Parenthood
Study confirms the second child really is more of a pain in the neck to raise
I bet a lot of parents are feeling pretty vindicated by these findings. It explains so much.
Kate Miano
12.22.21

Sometimes we look at our two kids and wonder how they even came from the same parents.

They were raised in the same environment, with the same beliefs, and the same opportunities, so why does the second child seem so interested in challenging us?

Turns out, birth order makes a difference.

While you may have thought that becoming a parent was hard enough the first time around, your second child will really test you.

Pexels - Rodnae Productions
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Pexels - Rodnae Productions

MIT had its curiosity piqued

A team of researchers at MIT’s Sloan School studied families with two boys in Denmark and Florida.

Between these groups, they found some interesting behavioral differences between the older brother and the younger brother.

Pexels - cottonbro
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Pexels - cottonbro

So, if you’ve ever thought that your oldest child was an angel and your younger child was born to test you, this research might explain why and give you some interesting solutions.

They’ll get disciplined.

Your second child will most likely spend more time in the principal’s office.

Pexels - Cottonbro
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Pexels - Cottonbro

In the same MIT study, researchers found that the second child was 20-40% more likely to be disciplined at school, compared to your first child.

Interestingly, this child in the birth order is also more likely to experience problems with the law and the criminal justice system.

Daughters may be a different story.

These findings were based on comparison with first-born boys, so if you have an elder daughter, this likelihood may not be the case.

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Pexels - Ron Lach

Parents may play a role too.

One reason why these differences happen might have to do with you, parents.

Pexels - Vidal Balielo Jr
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Pexels - Vidal Balielo Jr

It’s never as simple as birth order giving us personality types. Turns out, that parents may behave differently with children in different birth orders.

The researchers say this:

“The data allow us to examine a range of potential mechanisms, and the evidence rules out differences in health at birth and the quality of schools chosen for children. We do find that parental time investment measured by time out of the labor force is higher for first-borns at ages 2-4, suggesting that the arrival of a second-born child extends early-childhood parental investments for first-borns.”

That means that parents might be more likely to encourage the beneficial early-childhood period more for their oldest child than for their second born.

Pexels - Karolina Grabowska
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Pexels - Karolina Grabowska

Pay attention to the early years.

It’s been well-established that the first 6 years of a person’s life are essential to laying the groundwork for their future.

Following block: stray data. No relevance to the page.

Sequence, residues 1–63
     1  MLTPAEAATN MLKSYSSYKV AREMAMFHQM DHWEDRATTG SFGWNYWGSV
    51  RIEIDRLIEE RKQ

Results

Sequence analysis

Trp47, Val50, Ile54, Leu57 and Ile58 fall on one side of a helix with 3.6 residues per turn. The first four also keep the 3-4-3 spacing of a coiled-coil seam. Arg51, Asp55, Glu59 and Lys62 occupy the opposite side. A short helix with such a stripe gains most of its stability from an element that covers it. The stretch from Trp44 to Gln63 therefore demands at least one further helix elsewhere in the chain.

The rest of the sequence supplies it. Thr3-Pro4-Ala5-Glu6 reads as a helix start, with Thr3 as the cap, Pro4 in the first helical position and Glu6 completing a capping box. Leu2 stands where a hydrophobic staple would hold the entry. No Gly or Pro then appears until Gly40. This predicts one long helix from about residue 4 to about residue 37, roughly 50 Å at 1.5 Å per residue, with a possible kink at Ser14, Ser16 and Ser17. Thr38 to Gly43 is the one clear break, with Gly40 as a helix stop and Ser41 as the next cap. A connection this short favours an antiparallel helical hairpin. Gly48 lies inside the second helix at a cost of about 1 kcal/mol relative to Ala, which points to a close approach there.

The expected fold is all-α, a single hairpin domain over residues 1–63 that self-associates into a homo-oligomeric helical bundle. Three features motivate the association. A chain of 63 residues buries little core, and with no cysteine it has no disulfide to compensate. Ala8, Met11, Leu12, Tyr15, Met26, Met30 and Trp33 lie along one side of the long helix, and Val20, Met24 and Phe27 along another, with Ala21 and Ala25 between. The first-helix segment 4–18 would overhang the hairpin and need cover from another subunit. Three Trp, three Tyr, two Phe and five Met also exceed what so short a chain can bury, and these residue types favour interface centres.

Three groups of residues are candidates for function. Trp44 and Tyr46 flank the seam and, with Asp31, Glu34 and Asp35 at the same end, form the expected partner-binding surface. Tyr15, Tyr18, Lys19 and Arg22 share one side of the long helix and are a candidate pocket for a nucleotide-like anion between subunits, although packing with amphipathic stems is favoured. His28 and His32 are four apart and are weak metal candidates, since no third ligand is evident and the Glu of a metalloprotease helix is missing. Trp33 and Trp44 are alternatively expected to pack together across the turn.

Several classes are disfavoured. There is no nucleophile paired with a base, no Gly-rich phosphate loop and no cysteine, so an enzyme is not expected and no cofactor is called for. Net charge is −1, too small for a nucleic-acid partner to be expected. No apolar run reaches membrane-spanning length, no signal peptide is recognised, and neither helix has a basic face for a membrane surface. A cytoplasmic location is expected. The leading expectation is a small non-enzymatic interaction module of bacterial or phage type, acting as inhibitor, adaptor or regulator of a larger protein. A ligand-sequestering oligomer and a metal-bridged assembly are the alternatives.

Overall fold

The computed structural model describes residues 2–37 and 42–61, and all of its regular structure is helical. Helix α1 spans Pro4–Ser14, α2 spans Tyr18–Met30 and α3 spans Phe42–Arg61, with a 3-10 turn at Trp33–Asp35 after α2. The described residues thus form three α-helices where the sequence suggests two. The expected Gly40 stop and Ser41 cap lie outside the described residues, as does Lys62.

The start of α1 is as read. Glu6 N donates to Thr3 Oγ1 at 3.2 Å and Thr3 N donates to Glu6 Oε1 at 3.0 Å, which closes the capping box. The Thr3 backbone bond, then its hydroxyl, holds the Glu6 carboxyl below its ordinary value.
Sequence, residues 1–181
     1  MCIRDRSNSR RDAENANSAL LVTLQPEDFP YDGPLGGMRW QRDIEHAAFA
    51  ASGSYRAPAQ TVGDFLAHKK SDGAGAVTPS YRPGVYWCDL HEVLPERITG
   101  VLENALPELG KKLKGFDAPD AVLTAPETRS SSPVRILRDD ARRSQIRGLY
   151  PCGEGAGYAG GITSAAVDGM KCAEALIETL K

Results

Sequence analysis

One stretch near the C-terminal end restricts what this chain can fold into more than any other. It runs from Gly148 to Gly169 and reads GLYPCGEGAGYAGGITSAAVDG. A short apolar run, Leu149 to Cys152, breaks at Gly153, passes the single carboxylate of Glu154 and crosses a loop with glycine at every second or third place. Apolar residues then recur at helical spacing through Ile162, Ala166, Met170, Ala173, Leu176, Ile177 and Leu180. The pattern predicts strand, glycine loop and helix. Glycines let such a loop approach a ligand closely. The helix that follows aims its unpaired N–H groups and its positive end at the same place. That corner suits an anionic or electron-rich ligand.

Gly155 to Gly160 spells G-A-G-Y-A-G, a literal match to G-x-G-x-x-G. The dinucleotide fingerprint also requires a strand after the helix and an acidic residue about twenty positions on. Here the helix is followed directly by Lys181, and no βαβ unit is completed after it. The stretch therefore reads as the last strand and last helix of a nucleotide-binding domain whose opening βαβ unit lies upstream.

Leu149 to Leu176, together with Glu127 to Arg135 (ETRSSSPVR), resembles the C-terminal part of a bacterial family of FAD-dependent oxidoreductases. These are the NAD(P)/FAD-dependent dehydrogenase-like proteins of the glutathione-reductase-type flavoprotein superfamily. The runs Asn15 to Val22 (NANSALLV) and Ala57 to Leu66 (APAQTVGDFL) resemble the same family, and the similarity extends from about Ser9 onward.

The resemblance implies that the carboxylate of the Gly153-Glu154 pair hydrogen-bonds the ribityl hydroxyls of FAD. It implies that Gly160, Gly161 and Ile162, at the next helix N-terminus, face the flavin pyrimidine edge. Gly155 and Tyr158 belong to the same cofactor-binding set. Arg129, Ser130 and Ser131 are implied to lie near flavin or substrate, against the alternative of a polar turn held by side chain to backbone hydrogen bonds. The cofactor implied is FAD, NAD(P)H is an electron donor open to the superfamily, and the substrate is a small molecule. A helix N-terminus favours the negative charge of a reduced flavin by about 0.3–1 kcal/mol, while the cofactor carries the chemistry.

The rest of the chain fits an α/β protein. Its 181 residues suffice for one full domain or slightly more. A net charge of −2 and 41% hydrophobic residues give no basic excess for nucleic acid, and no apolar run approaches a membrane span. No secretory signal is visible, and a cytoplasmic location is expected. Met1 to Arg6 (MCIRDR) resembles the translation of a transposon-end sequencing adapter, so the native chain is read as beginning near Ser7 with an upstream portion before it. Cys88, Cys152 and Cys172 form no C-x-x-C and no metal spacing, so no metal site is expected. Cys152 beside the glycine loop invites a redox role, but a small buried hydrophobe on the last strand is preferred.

In this time period, children have the potential to learn more and faster than at any other point in their lives, develop positive mindsets, and can make themselves physically healthier.

Pexels - Rodnae Productions
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Pexels - Rodnae Productions

The role that parents play at this time is crucial. Children learn how to form healthy relationships by watching their parents and receiving their undivided attention.

Second-born children often don’t get the same attention paid to them, because there is another, older child in the mix who also still needs a lot of attention.

Solutions may be on the horizon.

But don’t despair, the researchers say that their work has made them interested in the potential of one solution.

Pexels - Rodnae Productions
Source:
Pexels - Rodnae Productions

Of course, no parent wants one child to be more annoying than the other, and you definitely don’t want either child to break the law.

Fortunately, the authors of this study say that their research has shown a potential fix for this.

Quality time

“Our findings that birth order appears to influence the likelihood of delinquency among boys, and that differences begin to appear early, suggests potentially fruitful avenues for monitoring and interventions. Our findings regarding systematically different dosages of early-childhood parental attention as a plausible mechanism also engender further discussion of parental leave as a long-run social benefit.”

Pexels - Katie E
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Pexels - Katie E

Every family is different.

And all kids have different needs, but it’s never a bad thing to schedule more quality time with your little guys.

Pexels - Emma Bauso
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Pexels - Emma Bauso

The kids in this study who experienced severe punishment and behavioral issues were in the overall minority, although the data did skew towards the second-born child.

So, even if your second child is a pain in your backside sometimes, the likelihood of them going to jail is still pretty low.

That being said, spend more time with your kids.

They grow up fast and it’s is always a good thing to take advantage of the time you have with them.

Please SHARE this with your friends and family.

By Kate Miano
hi@sbly.com
Kate Miano is a contributor at SBLY Media.
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